Call for Applicants to the Second Chance Act Co-Occurring Substance Abuse and Mental Health Disorders Grant Program

On March 27, 2013, the U.S. Department of Justice's Bureau of Justice Assistance released the Adult Co-Occurring Substance Abuse and Mental Health Disorders Second Chance Act grant solicitation. State, local, and tribal governments are invited to apply for this funding to improve recovery and recidivism outcomes for adults with co-occurring substance abuse and mental health disorders by providing appropriate evidence-based services and treatment both during and after incarceration.

To download this solicitation, click here. Applications are due by 11:59 p.m. ET on May 16, 2013.

In 2011, the National Reentry Resource Center hosted a webinar for applicants responding to the "Co-Occurring Substance Abuse and Mental Health Disorders" solicitation. The 2011 webinar and presentation provide information that is also relevant to the 2013 solicitation. To watch the 2011 webinar, click here. To download the presentation, click here. Please note: a new webinar specific to the 2013 solicitation will NOT be offered.

Department of Labor Announces Funding Opportunity
for Nonprofit Organizations Working
with the Reentry Population

The U.S. Department of Labor's Employment and Training Administration recently announced the availability of funds to help individuals prior to or immediately following release from incarceration prepare to reenter the workforce. Funding from this competitive grant can be used for job placement, vocational skills training, basic skills instruction and remedial education, tutoring for state high school equivalency tests, and other services aimed at helping participants secure employment.

The deadline for applying is 4:00 p.m. ET, May 2, 2013. Nonprofit organizations interested in applying can download the solicitation here.

Call for Grant Applicants to Develop Job Skills for
Youth Involved in the Juvenile Justice System

The U.S. Department of Labor recently announced the availability of approximately $26 million in grants to improve the long-term employment prospects of youth involved in the juvenile justice system. The "Face Forward" grants are designed to give youth a chance at success by offering support services, training, and skills development that can help them obtain employment and overcome the stigma of a juvenile record. Nonprofit organizations, state and local governments, and Indian and Native American entities eligible for grants under WIA Section 166 may apply for these grants.

To download an application, click here. The deadline for applying is 4:00 p.m. ET, May 10, 2013.

"Comprehensive Support Services for Families Affected by Substance Abuse and/or HIV/AIDS" Grant Competition

The U.S. Department of Health & Human Services' Administration for Children and Families recently announced the availability of competitive grants authorized by the Abandoned Infants Assistance Act. State and local governments, public and private institutions of higher education, Native American tribal governments, and nonprofit organizations are eligible to apply for funding that can be used to support activities and services designed to increase the well being, improve permanency, and enhance the safety of infants and children who have been exposed to a dangerous drug or have been exposed to HIV/AIDS and/or are at risk of being placed in out-of-home care as a result of one or both parents' substance abuse or positive HIV status.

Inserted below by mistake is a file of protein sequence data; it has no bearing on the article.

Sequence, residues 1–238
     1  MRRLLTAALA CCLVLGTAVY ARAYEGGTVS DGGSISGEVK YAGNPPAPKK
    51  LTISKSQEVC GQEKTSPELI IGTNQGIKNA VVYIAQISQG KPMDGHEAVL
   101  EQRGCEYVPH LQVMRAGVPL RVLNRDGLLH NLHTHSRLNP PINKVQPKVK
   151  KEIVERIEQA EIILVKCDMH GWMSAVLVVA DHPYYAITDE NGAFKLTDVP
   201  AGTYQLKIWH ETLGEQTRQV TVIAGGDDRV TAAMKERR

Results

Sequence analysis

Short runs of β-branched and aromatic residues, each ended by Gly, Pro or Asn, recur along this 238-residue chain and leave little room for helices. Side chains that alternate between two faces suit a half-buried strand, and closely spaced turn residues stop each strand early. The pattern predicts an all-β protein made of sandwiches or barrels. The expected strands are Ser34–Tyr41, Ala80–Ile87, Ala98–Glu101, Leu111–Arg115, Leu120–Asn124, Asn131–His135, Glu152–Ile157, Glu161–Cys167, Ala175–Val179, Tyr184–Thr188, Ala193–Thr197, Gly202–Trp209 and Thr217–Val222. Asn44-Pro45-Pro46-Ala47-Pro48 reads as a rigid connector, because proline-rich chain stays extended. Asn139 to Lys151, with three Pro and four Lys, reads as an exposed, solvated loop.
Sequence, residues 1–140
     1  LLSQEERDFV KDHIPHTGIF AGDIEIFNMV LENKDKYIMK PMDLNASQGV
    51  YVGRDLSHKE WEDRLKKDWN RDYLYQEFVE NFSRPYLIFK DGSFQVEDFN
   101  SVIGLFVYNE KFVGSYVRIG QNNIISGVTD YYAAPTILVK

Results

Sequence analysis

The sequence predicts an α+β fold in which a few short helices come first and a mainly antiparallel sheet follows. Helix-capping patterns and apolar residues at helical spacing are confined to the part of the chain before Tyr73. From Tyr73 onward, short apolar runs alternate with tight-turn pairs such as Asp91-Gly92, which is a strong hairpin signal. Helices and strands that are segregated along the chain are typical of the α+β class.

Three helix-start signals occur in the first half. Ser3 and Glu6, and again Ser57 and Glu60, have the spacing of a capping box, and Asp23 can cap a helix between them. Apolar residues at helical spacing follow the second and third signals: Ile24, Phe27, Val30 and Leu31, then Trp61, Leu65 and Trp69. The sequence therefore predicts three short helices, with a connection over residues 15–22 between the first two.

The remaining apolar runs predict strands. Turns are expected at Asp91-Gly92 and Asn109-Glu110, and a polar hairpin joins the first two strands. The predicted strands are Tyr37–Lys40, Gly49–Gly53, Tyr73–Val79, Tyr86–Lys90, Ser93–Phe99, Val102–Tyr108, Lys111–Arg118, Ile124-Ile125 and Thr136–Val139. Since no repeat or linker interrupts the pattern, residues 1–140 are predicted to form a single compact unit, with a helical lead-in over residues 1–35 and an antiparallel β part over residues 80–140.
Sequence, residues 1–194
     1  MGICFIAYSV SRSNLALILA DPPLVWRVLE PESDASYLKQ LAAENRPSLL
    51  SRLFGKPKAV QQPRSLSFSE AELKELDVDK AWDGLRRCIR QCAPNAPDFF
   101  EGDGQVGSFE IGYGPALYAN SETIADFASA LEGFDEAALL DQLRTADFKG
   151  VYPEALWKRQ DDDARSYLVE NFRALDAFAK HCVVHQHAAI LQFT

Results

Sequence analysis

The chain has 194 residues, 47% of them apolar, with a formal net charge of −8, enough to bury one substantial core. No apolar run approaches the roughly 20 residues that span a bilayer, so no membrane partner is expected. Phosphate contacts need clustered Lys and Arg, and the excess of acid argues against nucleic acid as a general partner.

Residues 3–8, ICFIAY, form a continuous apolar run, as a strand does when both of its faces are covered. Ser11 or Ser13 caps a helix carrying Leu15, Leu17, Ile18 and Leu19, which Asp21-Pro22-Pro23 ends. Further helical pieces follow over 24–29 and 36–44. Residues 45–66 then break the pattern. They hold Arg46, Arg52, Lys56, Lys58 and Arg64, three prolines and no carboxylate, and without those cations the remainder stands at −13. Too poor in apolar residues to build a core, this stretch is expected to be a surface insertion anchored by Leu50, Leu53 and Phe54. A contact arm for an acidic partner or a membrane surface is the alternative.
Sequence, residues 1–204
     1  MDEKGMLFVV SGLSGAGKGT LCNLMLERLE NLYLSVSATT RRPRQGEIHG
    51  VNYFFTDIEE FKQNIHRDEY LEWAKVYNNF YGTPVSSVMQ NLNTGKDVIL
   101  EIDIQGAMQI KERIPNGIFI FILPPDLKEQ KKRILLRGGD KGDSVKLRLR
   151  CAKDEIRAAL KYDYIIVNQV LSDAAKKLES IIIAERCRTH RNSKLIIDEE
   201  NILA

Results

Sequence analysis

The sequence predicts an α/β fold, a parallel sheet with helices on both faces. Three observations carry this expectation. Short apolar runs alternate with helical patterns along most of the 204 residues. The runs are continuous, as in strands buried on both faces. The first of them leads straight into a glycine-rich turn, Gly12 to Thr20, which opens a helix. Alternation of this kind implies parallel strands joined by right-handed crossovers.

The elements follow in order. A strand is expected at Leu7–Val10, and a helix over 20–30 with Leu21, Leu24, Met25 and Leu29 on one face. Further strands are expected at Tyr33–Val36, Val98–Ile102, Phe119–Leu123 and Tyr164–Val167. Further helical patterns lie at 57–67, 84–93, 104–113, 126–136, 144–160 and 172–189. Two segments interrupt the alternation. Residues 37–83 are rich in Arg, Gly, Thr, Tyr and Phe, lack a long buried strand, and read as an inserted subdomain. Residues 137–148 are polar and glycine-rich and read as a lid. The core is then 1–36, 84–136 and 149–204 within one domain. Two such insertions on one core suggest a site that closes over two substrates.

Applications are due by May 13, 2013. To download an application, click here.  

Reentry Success Story: Mentors Support Man in Avoiding Crime and Achieving Financial and Educational Goals

The Council of State Governments Justice Center—which coordinates the National Reentry Resource Center—has been collecting stories about people whose lives have improved as a result of their involvement in a Second Chance Act-funded grant program. The Second Chance Act of 2008 established funding for programs seeking to reduce recidivism and assist people in their transition back into the community from incarceration. If you would like to provide a story about a successful client in your Second Chance Act-funded program, please contact Stephanie Joson at sjoson@csg.org. All names and other individually identifying details have been changed to preserve confidentiality.

Grant Program: Second Chance Act
Grant Type: Adult Mentoring
State: Virginia
Grantee: Offender Aid and Restoration of Richmond, Inc.
Program Name: Richmond Regional Reentry Program Second Chance Coaching Project

Much of 41-year-old Hank's involvement with the criminal justice system can be traced back to his family background. With two brothers in and out of incarceration and a mother who abused drugs, Hank always felt an obligation to support his family. For a time he worked in food and janitorial services, but feeling pressed for money, he began stealing cars. The police caught him on several occasions, and he served three separate prison terms totaling six years.
During his most recent prison term, Hank participated in the Richmond Regional Reentry Program's Second Chance Coaching Project (SCCP), through which he was connected to two mentors, a retired couple. From the start, he worked with his mentors and SCCP staff to improve his circumstances and prepare for potential employment.